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Aesthetics Practice Today

Non-surgical Facial Enhancement of the Upper Face

Published May 12, 2015 11:39 AM by Mina Grasso
Beauty of the upper face can be enhanced significantly using non-surgical techniques with neuromodulators and tissue fillers. Since the FDA approval of Botox for frown lines over a decade ago, patients have been well aware of the benefits of neuromodulators to improve the appearance of frown lines, crows feet and horizontal forehead lines. Typically patients think primarily of using neuromodulators to enhance the forehead but are not very aware of the benefits of adding volume to the forehead.  

When patients are first treated with neuromodulators, they experience a "wow" with the results. As the natural process of aging takes place, loss of collagen and elasticity as well as loss of volume of the upper face requires the addition of tissue fillers to not only reduce the appearance of wrinkles but to return volume and shape to the area.

Patients are familiar with tissue fillers in the nasal labial folds due to the ads and brochures that circulate with images of the "parentheses. Since Sculptra, a collagen activator and now the newest hyaluronic acid, Voluma, was introduced, awareness in a more global approach to the face is increasing in popularity. An area that had been limited to neuromodulators for most practitioners is the forehead.  Volume loss contributes a great deal to the loss of the "golden" proportions and shape to the forehead. When the forehead is rejuvenated and volume is replaced, a more youthful, well-rested face with natural appearing transitions is the outcome.

When patients start to express concerns of neuromodulators not working as well as they used to, especially in the upper face and around the eyes, it becomes important to evaluate volume loss in these areas.  Frequently patients report that these areas are their last concerns, because their hair covers their temples and their bangs usually can cover their foreheads. Patients who have experienced ptosis of their eyelids who avoid neuromodulators in the forehead are more open to discussing this option.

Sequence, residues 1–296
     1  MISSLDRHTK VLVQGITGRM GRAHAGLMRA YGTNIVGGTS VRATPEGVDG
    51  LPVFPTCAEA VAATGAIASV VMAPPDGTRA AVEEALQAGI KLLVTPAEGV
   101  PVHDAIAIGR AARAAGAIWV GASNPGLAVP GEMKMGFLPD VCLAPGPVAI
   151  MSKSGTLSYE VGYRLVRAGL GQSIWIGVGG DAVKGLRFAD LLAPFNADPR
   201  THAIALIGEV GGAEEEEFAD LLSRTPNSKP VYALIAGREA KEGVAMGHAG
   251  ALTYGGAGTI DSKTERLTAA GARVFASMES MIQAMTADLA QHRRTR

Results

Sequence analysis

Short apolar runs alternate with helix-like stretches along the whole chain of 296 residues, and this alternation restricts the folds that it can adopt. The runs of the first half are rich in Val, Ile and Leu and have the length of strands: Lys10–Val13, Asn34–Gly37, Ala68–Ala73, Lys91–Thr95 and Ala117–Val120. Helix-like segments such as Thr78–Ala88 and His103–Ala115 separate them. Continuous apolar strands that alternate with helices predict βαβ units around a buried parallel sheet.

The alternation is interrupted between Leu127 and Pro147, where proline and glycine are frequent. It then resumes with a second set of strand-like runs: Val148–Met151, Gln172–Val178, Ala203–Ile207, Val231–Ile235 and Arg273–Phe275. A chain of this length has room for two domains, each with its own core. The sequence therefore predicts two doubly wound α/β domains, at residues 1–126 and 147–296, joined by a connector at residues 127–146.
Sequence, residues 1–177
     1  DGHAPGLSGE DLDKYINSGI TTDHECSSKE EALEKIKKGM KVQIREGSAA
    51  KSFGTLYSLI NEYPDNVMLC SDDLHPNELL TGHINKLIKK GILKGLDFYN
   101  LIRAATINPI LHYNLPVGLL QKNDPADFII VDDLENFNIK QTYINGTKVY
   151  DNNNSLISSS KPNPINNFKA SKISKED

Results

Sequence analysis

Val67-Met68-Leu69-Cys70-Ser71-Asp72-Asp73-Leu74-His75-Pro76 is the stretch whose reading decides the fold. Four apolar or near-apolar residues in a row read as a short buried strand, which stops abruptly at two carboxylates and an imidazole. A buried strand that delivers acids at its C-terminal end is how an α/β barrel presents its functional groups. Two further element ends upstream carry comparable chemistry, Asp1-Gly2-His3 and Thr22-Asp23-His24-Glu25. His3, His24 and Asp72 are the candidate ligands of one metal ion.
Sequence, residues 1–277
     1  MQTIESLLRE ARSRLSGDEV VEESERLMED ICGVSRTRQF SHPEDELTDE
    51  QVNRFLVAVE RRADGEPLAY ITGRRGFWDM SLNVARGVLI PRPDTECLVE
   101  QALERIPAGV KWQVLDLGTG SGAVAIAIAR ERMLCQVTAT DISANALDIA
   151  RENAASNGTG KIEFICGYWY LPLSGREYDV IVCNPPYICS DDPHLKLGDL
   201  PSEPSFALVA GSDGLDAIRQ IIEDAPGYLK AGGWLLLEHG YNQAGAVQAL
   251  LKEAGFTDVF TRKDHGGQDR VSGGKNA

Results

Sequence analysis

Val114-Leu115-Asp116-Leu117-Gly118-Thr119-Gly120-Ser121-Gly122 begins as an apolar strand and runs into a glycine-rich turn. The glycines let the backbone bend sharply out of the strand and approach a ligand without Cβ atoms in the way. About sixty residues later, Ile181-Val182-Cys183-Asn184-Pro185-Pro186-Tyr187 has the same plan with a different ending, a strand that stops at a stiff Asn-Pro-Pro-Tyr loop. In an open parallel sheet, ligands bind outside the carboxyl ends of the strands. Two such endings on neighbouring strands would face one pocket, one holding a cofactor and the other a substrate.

A clear understanding of ideal shape and proportions of male and female genders and the concept of global facial rejuvenation in critical in educating the patient on how we can help them to look more refreshed, youthful and natural safely. When we understand what the ideal proportions of beauty, we can reflate and contour the face and deliver optimal results. Tissue fillers can treat glabellar or horizontal creases, temporal hollows, enhance eyebrow and forehead re-shaping.

As a practitioner, understanding the anatomy of the face with respect to critical structures such as facial arteries, veins and nerves is important and enhances our confidence in providing a safe treatment minimizing pain and bruising. The experience for the patient is equally important as the outcome of results.

1 comments

Very informative..I have been researching fillers and other methods for the face . Hallowness of the under eye area is one of my biggest issues along with neck slackness . Having read about side effects and how complicating treating the under eye area could be I was getting very discouraged . Thanks for renewing my interest.

Marsha May 15, 2015 11:24 PM

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    Occupation: Physician Assistant/Nurse Practitioner
    Setting: Miami & Upland, Calif.
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